The Wind has a built-in SD card reader, which is a really nice addition. I usually shoot on CompactFlash, which means I still need to carry a card reader.
As a computer, the Wind works great for almost everything I need to do in the field. Obviously, email and web browsing are much easier with a real keyboard and large screen, so it’s a nice replacement for either my Treo or iPhone. Having built-in Wifi and Ethernet networking gives me lots of options for getting online. I can also tether to either the Treo or the iPhone, and get online connectivity through those, albeit slow, devices.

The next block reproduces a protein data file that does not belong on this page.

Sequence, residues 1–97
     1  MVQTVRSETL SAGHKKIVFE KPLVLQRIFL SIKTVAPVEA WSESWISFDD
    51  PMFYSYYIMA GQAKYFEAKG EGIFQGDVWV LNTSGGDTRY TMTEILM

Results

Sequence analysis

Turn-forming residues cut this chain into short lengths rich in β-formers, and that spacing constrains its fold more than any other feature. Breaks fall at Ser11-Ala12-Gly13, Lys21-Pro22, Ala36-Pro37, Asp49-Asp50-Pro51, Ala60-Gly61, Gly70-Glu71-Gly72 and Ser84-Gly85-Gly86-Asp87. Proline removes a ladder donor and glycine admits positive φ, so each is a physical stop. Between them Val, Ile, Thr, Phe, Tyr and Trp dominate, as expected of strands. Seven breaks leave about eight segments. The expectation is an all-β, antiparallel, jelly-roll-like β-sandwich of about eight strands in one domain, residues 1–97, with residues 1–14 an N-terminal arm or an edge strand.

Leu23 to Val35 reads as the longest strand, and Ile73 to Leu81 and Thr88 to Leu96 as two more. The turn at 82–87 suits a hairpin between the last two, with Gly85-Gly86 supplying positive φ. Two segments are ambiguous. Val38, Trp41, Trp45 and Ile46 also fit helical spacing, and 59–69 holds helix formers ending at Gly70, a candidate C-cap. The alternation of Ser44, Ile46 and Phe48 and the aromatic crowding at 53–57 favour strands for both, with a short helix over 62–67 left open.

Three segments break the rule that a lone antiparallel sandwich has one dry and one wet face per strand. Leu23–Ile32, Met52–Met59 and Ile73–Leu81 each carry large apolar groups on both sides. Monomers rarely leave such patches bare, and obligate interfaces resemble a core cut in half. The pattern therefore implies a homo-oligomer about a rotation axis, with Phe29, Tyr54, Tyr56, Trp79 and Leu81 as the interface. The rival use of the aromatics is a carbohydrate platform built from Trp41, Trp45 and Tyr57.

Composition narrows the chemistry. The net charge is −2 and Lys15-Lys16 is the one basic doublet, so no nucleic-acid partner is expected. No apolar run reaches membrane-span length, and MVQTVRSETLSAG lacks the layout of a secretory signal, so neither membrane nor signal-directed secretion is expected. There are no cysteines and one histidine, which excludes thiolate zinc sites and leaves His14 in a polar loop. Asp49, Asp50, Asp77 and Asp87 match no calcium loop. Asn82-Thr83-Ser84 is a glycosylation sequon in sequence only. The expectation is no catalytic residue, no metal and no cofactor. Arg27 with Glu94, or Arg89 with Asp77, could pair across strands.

While the 1.6 GHz Atom processor is not the speediest CPU out there, it’s fine for most of the image editing tasks I’d want to do in the field. With its small screen, I’m not going to get into a lot of serious color correction and editing anyway (this was also true for my MacBook). But, for reviewing images, and performing some initial edits, or for organizing and keyword tagging, the Wind is perfectly adequate. I’ve been running CS4 on it and performance is perfectly acceptable.
Leopard runs quite handily on it, as do the iLife apps. Much to my surprise, even Aperture, with its particular video card needs, runs on the machine. It’s definitely a little sluggish but usable for sorting and metadata editing.
The only hitch is with Photoshop Camera Raw. Because of the limited vertical screen dimension on the Wind, the entire Camera Raw dialog box cannot be displayed, which means you don’t have access to the Save Image, Open Image, Cancel or Done buttons.